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Author Topic: Problem: subraction giving very strange results  (Read 1554 times)
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Guys I'm having a strange problem with my code.
Basically I'm performing the same operation in a loop, but after the first time I got wrong values back.
The strange part is the vector subtraction Kreference[]-Kstate[], this gives strange results.
In the first run the result is correct but as you can see from the log from the serial port after the first run the results are wrong.
Basically Kreference-Kstate returns four 0. while Kreference is {0,-0.57,0,0.57}. Kstate is {0,0,0,0}.
All the vector are initialized as float.

Code:
void loop(){
  Serial.println("Press one button to start moving");
  beta = state[2];//maybe unuseful
  rotationmatrix(beta);
  math.MatrixMult((float*)K,(float*) state, 4, 6, 1,(float*) Kstate);
  Serial.println("state[:]");
  Serial.println(state[0]);
  Serial.println(state[1]);
  Serial.println(state[2]);
  Serial.println(state[3]);
  Serial.println(state[4]);
  Serial.println(state[5]);
  Serial.println("Kstate[:]");
  Serial.println(Kstate[0]);
  Serial.println(Kstate[1]);
  Serial.println(Kstate[2]);
  Serial.println(Kstate[3]);
  math.MatrixMult((float*)K,(float*) reference, 4, 6, 1,(float*) Kreference);
  Serial.println("Kreference[:]");  
  Serial.println(Kreference[0]);
  Serial.println(Kreference[1]);
  Serial.println(Kreference[2]);
  Serial.println(Kreference[3]);
  Serial.println("Kreference[:]-Kstate[:]");  
  Serial.println(Kreference[0]-Kstate[0]);
  Serial.println(Kreference[1]-Kstate[1]);
  Serial.println(Kreference[2]-Kstate[2]);
  Serial.println(Kreference[3]-Kstate[3]);
  u[0]=(Kreference[0]-Kstate[0])*100;
  u[1]=(Kreference[1]-Kstate[1])*100;
  u[2]=(Kreference[2]-Kstate[2])*100;
  u[3]=(Kreference[3]-Kstate[3])*100;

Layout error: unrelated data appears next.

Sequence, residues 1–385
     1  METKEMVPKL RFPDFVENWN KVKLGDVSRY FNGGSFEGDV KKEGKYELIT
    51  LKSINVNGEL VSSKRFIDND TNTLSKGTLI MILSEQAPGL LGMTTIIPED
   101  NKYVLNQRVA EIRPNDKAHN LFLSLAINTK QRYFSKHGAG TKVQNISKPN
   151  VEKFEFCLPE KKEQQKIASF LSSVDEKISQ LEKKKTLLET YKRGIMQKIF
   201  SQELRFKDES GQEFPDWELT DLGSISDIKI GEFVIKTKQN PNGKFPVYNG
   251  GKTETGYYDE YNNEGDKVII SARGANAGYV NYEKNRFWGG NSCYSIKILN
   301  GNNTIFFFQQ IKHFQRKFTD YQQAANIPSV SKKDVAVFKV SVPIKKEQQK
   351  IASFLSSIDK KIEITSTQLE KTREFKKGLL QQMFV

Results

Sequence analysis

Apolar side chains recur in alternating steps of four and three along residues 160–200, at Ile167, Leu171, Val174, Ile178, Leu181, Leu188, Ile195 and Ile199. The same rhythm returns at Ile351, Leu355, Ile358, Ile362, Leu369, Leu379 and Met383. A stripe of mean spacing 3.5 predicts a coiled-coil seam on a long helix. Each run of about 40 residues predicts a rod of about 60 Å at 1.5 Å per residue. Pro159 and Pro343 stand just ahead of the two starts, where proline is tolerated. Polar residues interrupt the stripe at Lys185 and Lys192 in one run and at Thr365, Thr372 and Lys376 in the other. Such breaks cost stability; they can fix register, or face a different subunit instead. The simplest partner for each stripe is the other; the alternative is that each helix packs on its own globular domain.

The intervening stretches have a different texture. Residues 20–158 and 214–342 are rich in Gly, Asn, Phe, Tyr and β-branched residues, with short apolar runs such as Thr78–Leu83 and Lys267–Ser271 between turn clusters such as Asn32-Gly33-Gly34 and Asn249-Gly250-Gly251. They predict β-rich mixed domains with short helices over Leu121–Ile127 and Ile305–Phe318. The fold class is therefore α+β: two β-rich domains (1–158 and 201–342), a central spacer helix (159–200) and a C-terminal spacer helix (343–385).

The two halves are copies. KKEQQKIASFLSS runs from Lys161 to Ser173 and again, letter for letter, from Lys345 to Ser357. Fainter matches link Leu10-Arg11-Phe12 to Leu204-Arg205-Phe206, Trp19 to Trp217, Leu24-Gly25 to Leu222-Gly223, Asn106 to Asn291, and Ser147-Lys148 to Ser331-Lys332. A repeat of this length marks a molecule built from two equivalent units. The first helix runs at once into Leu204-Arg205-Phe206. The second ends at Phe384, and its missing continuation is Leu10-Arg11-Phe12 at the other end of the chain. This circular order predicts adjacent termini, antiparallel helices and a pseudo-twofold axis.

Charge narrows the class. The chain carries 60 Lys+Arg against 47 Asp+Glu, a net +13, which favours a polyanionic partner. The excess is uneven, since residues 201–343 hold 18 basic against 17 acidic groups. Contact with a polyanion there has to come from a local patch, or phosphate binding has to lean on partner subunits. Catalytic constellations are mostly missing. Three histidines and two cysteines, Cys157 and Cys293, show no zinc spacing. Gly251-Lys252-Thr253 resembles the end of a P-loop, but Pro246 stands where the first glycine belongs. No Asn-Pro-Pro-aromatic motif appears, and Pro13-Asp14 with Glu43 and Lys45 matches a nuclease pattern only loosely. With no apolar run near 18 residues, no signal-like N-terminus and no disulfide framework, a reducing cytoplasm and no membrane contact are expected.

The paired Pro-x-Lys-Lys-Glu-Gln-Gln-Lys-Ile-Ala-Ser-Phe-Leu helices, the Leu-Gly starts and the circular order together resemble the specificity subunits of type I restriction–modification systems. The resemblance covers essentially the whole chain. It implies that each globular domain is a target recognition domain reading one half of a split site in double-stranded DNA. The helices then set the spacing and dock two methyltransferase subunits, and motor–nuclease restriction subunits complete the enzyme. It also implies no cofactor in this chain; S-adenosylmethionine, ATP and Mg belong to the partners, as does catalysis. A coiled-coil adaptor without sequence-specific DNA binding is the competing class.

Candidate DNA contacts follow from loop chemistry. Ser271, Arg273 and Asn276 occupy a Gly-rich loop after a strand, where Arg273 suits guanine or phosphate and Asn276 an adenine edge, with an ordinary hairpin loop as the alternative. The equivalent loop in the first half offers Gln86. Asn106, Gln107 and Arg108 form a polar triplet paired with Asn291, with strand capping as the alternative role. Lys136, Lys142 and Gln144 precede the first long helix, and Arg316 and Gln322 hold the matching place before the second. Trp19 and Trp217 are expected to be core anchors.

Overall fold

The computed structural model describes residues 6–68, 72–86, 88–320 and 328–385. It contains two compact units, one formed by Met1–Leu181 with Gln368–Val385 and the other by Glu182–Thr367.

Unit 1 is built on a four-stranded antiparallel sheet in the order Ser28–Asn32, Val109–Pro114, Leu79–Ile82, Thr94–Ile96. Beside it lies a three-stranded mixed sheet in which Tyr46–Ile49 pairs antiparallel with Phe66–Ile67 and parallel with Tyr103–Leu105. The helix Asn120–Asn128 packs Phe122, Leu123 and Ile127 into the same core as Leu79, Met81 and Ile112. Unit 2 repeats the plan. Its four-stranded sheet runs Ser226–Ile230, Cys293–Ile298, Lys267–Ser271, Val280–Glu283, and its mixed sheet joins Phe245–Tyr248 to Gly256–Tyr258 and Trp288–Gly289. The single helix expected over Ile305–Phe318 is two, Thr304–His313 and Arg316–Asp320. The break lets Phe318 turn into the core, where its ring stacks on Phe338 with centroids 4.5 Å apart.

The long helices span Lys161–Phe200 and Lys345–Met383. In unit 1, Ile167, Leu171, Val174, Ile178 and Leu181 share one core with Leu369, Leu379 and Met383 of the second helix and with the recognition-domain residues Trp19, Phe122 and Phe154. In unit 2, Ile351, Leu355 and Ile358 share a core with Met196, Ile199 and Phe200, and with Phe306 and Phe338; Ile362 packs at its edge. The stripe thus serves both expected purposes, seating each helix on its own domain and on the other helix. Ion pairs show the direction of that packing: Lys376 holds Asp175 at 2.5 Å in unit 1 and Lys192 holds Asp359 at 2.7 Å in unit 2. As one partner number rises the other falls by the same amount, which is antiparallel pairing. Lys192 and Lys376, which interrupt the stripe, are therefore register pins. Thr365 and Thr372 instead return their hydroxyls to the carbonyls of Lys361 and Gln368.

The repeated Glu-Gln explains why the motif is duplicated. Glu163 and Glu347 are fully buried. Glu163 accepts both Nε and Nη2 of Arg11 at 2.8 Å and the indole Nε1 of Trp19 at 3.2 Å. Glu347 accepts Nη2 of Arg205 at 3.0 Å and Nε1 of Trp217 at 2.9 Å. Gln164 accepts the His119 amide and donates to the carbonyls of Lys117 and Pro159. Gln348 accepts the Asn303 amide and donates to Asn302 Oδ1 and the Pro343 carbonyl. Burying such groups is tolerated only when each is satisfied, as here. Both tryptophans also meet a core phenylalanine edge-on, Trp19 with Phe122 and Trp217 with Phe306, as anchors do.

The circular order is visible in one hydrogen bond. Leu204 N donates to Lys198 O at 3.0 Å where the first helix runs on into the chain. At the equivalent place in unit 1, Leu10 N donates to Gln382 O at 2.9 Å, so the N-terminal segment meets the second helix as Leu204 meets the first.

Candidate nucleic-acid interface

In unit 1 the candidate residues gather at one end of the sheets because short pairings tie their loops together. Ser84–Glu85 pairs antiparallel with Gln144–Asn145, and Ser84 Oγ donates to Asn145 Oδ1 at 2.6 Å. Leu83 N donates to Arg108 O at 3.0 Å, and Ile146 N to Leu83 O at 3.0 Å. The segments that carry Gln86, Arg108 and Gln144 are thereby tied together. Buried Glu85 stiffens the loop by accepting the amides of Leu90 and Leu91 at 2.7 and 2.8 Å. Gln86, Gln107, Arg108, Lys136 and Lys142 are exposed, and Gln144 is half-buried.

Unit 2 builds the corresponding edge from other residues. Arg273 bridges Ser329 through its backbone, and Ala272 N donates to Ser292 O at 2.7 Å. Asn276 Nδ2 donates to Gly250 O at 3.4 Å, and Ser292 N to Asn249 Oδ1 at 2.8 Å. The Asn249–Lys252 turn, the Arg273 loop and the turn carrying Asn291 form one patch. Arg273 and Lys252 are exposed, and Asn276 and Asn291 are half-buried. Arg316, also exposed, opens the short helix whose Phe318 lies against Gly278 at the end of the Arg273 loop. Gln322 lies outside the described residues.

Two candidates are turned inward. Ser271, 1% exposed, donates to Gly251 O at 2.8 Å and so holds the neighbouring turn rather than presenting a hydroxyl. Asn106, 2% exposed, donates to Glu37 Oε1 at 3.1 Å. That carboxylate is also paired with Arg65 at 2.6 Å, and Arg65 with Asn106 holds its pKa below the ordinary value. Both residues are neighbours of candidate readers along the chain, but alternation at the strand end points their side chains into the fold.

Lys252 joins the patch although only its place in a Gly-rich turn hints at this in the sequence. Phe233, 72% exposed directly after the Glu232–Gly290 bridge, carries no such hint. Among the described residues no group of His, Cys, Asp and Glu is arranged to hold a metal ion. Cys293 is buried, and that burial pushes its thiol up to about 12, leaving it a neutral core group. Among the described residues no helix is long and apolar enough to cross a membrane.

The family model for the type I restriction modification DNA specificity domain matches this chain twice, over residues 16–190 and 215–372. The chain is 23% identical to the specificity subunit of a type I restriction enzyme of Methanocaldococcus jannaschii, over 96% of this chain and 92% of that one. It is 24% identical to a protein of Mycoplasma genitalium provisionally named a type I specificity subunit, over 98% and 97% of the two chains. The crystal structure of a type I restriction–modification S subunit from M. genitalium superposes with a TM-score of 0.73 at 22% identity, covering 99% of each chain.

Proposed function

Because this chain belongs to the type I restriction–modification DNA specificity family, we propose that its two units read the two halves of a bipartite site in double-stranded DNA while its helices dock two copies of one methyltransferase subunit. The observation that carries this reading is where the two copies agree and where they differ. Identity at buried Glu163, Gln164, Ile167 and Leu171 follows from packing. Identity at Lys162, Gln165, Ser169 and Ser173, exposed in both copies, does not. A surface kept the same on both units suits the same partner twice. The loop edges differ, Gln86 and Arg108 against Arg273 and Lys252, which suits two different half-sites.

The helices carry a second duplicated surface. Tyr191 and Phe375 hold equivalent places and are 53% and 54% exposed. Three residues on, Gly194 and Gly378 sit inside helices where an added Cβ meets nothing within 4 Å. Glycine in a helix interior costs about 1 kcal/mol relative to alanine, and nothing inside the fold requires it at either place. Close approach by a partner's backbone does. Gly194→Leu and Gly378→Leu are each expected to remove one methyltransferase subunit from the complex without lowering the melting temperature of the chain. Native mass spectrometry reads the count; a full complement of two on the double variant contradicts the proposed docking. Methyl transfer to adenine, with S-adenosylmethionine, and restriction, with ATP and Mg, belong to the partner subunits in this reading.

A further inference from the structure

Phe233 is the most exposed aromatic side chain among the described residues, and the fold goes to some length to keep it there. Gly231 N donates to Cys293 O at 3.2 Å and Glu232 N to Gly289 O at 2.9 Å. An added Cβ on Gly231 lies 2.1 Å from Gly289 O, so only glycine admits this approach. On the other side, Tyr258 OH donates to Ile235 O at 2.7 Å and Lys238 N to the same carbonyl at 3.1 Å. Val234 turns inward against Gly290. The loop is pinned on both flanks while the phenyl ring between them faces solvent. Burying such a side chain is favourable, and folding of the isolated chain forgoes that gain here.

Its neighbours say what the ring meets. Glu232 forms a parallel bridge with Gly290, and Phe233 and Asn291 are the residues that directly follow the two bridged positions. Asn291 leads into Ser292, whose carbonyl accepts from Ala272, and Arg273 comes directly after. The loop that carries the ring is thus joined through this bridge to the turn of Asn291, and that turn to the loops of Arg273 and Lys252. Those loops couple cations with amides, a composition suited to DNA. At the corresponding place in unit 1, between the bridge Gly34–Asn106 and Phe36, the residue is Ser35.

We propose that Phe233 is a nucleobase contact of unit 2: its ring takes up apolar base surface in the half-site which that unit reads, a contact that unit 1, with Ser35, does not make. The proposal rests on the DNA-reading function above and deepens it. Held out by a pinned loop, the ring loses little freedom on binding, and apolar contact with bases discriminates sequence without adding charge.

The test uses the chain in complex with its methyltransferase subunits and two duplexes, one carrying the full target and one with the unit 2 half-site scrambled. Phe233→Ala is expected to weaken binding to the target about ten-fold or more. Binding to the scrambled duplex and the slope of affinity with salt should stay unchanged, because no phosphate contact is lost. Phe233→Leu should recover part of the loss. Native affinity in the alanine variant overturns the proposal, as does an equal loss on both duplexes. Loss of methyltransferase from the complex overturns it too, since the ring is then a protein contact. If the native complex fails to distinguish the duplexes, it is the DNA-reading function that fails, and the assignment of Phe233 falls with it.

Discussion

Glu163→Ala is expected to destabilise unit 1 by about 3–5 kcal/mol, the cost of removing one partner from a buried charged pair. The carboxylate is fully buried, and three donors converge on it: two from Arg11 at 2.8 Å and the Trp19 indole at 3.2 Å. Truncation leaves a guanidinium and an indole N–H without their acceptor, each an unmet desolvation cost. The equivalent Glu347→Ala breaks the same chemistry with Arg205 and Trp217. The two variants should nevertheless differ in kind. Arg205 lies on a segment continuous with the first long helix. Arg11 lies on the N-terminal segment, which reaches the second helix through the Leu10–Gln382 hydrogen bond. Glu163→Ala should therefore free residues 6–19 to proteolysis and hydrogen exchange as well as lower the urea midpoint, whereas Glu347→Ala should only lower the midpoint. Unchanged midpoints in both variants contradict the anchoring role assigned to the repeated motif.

Serial.println("u[:]");
  Serial.println(u[0]);
  Serial.println(u[1]);
  Serial.println(u[2]);
  Serial.println(u[3]);
  math.MatrixMult((float*)Rotation,(float*)u, 4, 4, 1,(float*)Input);
  PwmDirection();
  analogWrite(PWMA, torquePWM[0]);
  digitalWrite(DIRA, Direction[0]);
  analogWrite(PWMB, torquePWM[1]);
  digitalWrite(DIRB, Direction[1]);
  analogWrite(PWMC, torquePWM[2]);
  digitalWrite(DIRC, Direction[2]);
  analogWrite(PWMD, torquePWM[3]);
  digitalWrite(DIRD, Direction[3]);
  Speed();
  delay(400);}

the log:
Code:
Press one button to start moving
state[:]
0.00
0.00
0.00
0.00
0.00
0.00
Kstate[:]
0.00
0.00
0.00
0.00
Kreference[:]
0.00
-0.57
0.00
0.57
Kreference[:]-Kstate[:]
0.00
-0.57
0.00
0.57
u[:]
0.00
-56.57
0.00
56.57
Press one button to start moving
state[:]
0.00
0.00
0.00
0.00
0.00
0.00
Kstate[:]
0.00
0.00
0.00
0.00
Kreference[:]
0.00
-0.57
0.00
0.57
Kreference[:]-Kstate[:]
0.00
0.00
0.00
0.00
u[:]
0.00
0.00
0.00
0.00
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Show us the complete code. If the vectors are defined as float arrays why do you have to cast them to (float *)? You see, we have to see all the code to help you.
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Also float arrays will consume a lot of memory. Maybe you are already out of memory.
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How can I check if I'm out of memory? The compiled code is 12.702 bytes.

Here is the complete code:
Code:
#include <MatrixMath.h>
#include <superSerial.h>
#include <Wire.h>
#include <digitalWriteFast.h>

#define NO_PORTB_PINCHANGES //to indicate that port b will not be used for pin change interrupts
#include <PinChangeInt.h>   //using version 1.6beta

MatrixMath math;
 

//Define pin
#define PINA1 A0
#define PINA2 A1
#define DIRA 13
#define PWMA 11

#define PINB1 A2
#define PINB2 A3
#define DIRB 12
#define PWMB 10

#define PINC1 2
#define PINC2 3
#define DIRC 8
#define PWMC 9

#define PIND1 4
#define PIND2 5
#define DIRD 7
#define PWMD 6

////LQR controller////

//Global variable
double Rotation[4][4];
double InputLimit=0.5;

float beta;
float state[6]={0};
float Kstate[4];
float reference[6]={0.8,0,0,0,0,0};
float Kreference[4];
float u[4];
float Input[4];

//LQR control vector
int torquePWM[4];